The UK economy remains dependent on consumer spending to generate growth, while manufacturing is in ...
The UK economy remains dependent on consumer spending to generate growth, while manufacturing is in the doldrums and global trade is depressed.
Dependence on consumer spending is becoming increasingly risky. Concerns over a slowing housing market appear to have become self-fulfilling with house prices generally treading water, and in London starting to fall. Declining house prices will have a detrimental impact on consumer confidence, particularly if negative equity re-emerges.
However, we are increasingly confident that investment spending is due for an upturn and will help mitigate the imbalances which have built up in the economy. Many companies have spent recent years cutting costs, repairing balance sheets and improving cash flows. The latter is a prerequisite for an upturn in investment spending, which must occur in the interests of the long-term competitive position of any business. The UK has experienced the worst investment drought since records began in 1965. We are certainly not expecting a return to the heady days of the late 1990s, but the longer the investment is delayed, the more significant the recovery will be.
Favoured sectors are those sensitive to an upturn in economic activity, such as media and engineering & machinery. In media more evidence is required before a recovery in advertising spend is clearly underway, but conditions appear to be stabilising at these lower levels. Many engineering companies have had to cope with often a sharp decline in revenues as customers have reduced capital spending in the last two years. Consequently earnings expectations have been dramatically reduced. These now bear a much closer resemblance to reality and valuations in Engineering now discount a grim long-term future. In addition, well above-average yields are often available acting as a safety net for valuations.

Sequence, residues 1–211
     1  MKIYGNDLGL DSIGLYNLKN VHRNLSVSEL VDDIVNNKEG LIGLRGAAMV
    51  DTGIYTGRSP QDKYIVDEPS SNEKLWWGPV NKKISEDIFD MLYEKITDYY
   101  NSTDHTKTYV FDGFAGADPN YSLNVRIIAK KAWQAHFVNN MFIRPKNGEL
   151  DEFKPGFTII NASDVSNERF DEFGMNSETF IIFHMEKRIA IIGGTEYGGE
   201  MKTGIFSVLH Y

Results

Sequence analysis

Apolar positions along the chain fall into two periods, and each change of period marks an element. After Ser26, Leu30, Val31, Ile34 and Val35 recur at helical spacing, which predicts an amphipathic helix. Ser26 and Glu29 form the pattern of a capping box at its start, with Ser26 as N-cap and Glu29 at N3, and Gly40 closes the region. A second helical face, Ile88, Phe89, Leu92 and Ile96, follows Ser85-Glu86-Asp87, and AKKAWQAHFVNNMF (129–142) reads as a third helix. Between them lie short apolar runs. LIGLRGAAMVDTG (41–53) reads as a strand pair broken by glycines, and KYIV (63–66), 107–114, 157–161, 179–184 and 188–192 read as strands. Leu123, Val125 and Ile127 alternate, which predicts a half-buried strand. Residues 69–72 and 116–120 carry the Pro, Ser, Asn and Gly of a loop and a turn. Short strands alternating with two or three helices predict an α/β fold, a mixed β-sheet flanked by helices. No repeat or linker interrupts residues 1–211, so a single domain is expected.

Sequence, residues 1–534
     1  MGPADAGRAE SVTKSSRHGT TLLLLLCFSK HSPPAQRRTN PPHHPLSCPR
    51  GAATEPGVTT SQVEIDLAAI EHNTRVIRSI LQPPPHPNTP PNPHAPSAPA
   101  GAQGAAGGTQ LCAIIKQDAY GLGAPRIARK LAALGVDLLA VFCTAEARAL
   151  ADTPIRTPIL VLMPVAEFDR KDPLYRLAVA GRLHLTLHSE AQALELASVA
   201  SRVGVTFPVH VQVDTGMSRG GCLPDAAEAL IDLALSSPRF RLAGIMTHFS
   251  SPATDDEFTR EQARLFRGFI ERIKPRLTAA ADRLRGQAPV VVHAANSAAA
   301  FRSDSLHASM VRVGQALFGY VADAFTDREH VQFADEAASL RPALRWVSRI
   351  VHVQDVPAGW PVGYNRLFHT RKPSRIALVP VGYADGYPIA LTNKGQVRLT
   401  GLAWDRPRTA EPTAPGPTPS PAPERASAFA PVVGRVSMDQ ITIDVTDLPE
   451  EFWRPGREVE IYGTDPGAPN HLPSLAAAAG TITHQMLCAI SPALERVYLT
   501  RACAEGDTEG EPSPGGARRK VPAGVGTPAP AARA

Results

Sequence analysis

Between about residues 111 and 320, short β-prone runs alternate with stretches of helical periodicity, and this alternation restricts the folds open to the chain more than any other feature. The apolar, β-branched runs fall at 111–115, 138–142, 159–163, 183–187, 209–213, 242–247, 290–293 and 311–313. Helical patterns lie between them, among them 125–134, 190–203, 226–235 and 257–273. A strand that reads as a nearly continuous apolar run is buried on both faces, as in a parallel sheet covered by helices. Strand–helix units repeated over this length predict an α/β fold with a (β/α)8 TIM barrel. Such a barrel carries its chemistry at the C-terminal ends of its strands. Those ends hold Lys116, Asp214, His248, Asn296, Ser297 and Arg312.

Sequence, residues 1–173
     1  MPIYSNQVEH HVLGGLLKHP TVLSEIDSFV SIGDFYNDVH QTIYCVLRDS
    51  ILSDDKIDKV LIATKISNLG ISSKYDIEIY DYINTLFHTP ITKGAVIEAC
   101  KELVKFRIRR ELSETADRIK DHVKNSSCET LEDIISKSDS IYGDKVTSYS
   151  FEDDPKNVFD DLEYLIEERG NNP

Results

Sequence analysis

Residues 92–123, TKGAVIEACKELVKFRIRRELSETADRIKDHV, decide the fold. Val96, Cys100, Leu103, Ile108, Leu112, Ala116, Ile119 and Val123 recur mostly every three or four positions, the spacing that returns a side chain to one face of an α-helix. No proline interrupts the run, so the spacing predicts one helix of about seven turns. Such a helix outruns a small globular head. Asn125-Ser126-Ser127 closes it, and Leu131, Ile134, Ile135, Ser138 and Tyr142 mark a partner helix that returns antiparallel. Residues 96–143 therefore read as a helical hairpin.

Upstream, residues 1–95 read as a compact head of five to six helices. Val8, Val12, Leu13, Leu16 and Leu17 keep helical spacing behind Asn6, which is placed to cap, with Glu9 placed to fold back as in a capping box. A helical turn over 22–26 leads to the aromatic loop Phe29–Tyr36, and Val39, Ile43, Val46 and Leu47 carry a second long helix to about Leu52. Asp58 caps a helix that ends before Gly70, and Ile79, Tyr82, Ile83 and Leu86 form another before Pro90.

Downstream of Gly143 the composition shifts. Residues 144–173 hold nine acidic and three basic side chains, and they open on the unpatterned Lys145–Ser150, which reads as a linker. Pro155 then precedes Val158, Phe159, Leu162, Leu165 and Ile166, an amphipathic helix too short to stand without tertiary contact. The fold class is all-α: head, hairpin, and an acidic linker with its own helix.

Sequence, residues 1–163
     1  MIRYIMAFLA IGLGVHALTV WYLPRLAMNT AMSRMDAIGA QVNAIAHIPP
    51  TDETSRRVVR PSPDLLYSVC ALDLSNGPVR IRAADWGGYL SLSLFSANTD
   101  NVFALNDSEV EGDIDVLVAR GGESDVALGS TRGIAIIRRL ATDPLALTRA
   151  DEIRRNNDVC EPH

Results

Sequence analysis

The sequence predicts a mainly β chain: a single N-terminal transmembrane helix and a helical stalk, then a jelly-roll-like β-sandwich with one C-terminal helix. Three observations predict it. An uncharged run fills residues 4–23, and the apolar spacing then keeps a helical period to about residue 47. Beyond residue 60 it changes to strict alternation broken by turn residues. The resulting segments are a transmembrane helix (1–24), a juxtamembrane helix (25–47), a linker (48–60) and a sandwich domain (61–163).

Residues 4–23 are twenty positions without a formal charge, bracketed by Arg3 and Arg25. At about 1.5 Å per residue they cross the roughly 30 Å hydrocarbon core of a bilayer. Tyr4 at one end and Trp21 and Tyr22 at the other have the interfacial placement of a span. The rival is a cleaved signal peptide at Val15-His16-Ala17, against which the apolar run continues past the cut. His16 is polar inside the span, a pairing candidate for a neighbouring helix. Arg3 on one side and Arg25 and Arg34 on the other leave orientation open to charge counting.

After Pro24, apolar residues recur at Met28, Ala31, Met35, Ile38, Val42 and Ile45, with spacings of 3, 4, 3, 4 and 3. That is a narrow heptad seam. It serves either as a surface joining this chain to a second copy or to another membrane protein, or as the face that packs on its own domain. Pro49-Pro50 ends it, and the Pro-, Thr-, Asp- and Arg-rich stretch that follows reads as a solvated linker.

As far as the largest sectors in the market are concerned, we have mixed views. We feel reasonably positive towards the telcoms sector. Recent results at Vodafone showed subscribers up 18% and a 14% increase in revenue. Although growth is likely to moderate, the stock remains attractive as the required capital expenditure in the company's 3G network is less onerous, generating a substantial improvement in cash flow. This has strengthened the balance sheet and allowed a sharp increase in the dividend payment.
Elsewhere in the largest sectors value is often indiscernible. In banking valuations are fairly full, considering that earnings growth has slowed and is expected to be much slower than the market average. Lending remains buoyant, particularly in mortgages and consumer credit, but is offset by a continuing structural decline in net interest margins.
Overall, we believe prospects for the equity market are encouraging. Certainly, there are risks ahead but my gut feeling is that they will be averted. After such a prolonged bear market is it easy to become convinced the market will never go up again. I think it could surprise us all.
Equity valuations are still attractive.
Scope for a recovery in investing spending.
Interest rates could be cut to stimulate growth.
An ambitious objective
'Something completely new'
'Illusion of control'
Reasons to be cheerful
Total investment reaches £9m